Media Myth Debunked: Class Sizes Have Dropped 40 Percent Since 1960
A regular media meme, especially since Republican presidential candidate Mitt Romney's comments regarding public sector employees last week, has been that there just aren't enough school teachers in America.
Such statements ignore that according to the Census Bureau, since 1960, the average class size in our public schools has declined by 40 percent as the number of teachers rose almost four times faster than the student population.
In 1960, there were 1.4 million public school teachers educating 36.3 million primary and secondary students. This represented a ratio of one teacher per 25.8 pupils.
In 2009, there were 3.2 million teachers - a 129 percent rise - educating 49.3 million students - a 36 percent rise. This represented a ratio of one teacher per 15.6 students.
You read that correctly: despite all the media carping and whining, average class size in this country has dropped by over ten students or 40 percent in the last 50 years.
That's not something the Left and their media minions care to discuss as political leaders try to deal with budget deficits by cutting payrolls.
Taking this exercise a tad further, this also means that in the past 50 years, the number of public school teachers has risen 3.6 times faster than the number of students.
I quite doubt you'd find anyone to claim the quality of education has risen as the nation went on a teacher hiring binge or even admit that such a binge has occurred.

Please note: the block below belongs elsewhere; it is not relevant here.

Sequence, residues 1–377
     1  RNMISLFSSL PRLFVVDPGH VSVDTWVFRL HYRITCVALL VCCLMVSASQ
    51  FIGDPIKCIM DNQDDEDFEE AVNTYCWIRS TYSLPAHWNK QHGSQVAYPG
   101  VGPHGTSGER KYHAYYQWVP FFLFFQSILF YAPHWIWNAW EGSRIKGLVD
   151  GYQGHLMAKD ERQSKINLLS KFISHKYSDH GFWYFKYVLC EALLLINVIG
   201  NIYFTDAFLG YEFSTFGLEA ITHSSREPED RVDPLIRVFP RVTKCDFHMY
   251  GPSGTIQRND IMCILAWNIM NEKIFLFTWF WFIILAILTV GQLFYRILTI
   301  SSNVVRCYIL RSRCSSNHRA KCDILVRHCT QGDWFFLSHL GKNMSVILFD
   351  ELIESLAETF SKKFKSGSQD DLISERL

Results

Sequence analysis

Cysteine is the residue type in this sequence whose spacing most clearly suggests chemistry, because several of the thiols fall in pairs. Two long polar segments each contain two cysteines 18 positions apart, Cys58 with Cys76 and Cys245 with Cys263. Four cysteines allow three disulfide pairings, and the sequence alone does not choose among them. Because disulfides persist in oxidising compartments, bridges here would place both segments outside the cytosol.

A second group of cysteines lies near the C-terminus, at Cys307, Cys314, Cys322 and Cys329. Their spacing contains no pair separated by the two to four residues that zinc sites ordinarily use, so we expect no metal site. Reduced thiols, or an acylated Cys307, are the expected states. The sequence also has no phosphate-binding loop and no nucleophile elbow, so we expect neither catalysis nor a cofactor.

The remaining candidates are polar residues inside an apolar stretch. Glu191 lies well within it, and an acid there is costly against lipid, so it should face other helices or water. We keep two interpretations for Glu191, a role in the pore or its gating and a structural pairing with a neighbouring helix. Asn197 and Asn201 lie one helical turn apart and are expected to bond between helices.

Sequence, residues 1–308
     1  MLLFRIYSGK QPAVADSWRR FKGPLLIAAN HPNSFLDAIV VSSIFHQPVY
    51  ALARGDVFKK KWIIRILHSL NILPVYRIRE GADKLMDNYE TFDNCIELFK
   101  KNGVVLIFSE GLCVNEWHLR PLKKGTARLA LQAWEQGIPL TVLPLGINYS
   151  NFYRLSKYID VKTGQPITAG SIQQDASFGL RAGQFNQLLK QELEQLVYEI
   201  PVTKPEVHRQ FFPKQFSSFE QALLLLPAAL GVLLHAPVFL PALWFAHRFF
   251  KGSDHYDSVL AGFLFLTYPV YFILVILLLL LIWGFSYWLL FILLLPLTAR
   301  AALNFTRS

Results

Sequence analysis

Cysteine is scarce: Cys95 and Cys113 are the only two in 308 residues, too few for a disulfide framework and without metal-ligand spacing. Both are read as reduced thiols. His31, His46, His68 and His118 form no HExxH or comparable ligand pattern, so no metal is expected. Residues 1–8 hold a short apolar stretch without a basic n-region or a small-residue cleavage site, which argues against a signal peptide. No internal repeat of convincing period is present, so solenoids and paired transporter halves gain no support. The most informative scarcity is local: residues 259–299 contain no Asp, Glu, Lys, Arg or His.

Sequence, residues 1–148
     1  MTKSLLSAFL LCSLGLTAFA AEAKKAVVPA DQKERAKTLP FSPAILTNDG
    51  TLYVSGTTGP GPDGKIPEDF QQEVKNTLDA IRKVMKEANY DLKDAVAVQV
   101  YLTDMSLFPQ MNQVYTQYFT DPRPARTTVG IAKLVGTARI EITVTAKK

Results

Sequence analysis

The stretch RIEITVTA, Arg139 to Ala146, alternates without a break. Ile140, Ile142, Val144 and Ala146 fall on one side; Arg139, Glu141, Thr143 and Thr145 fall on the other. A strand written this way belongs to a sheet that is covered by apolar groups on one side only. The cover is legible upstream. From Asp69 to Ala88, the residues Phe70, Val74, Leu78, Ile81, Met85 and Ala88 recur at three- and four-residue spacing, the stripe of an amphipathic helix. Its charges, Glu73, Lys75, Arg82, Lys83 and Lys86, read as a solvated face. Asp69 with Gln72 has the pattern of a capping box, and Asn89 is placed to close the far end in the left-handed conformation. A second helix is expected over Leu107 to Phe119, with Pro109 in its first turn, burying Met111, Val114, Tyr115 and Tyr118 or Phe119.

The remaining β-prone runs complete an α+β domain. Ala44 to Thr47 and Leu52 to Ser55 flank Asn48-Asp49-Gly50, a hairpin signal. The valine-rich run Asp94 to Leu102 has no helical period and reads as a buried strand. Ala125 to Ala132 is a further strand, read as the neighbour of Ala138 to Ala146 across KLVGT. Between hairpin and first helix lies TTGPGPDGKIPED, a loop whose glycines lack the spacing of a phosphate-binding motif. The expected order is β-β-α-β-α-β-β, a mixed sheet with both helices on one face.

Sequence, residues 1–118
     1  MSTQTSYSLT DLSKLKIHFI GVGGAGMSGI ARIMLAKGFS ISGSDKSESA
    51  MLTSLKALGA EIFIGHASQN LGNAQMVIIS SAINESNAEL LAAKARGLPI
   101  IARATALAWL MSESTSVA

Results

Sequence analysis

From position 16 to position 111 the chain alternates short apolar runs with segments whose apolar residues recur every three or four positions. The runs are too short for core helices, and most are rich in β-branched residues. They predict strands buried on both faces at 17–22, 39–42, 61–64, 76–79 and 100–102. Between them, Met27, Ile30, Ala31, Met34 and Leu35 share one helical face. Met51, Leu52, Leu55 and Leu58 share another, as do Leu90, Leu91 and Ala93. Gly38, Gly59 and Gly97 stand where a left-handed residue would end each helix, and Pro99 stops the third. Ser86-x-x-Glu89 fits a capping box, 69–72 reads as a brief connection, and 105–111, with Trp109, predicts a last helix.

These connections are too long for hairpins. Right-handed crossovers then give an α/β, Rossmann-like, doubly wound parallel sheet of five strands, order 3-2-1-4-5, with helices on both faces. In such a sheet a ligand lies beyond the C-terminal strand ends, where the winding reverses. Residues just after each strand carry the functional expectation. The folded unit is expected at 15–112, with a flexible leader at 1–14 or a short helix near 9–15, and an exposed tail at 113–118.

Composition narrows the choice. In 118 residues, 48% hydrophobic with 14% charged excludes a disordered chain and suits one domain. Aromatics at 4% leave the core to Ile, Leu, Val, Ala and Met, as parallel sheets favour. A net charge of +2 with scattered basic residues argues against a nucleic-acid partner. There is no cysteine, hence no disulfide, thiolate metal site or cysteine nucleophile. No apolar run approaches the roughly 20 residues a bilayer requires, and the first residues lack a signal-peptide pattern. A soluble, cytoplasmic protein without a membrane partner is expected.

Yet the solution we constantly hear for declining test scores and graduation rates is ever more teachers.
On a related note, although the Census Bureau has only tracked teachers' salaries since 1985, this also tells an interesting tale.
In 1985, the average public school primary and secondary school teacher earned $23,587 a year, or $49,309 adjusted for inflation. In 2011, he or she earned $54,220, a ten percent increase.
That doesn't seem like much, but as liberals constant complain that incomes for regular folks in America have been stagnant, public school teachers have actually done relatively well.
Consider too that in 2010, the median income across the entire population was $49,445.
Yes, the average public school teacher makes more than half the citizens he or she serves.
So while the number of public school teachers has declined in the past few years as a result of local government budget problems - a fact the President, his Party, and the media that aid and abet them are trying to make political hay on - when looked upon historically, this is not the crisis they're claiming it is.
In fact, and although I'm by no means advocating it, we could lose another 1 million teachers before we got back to the classroom size that gave most of us and education we were proud of.
Remember that the next time some liberal media member says it's immoral to consider education cuts when trying to balance a budget.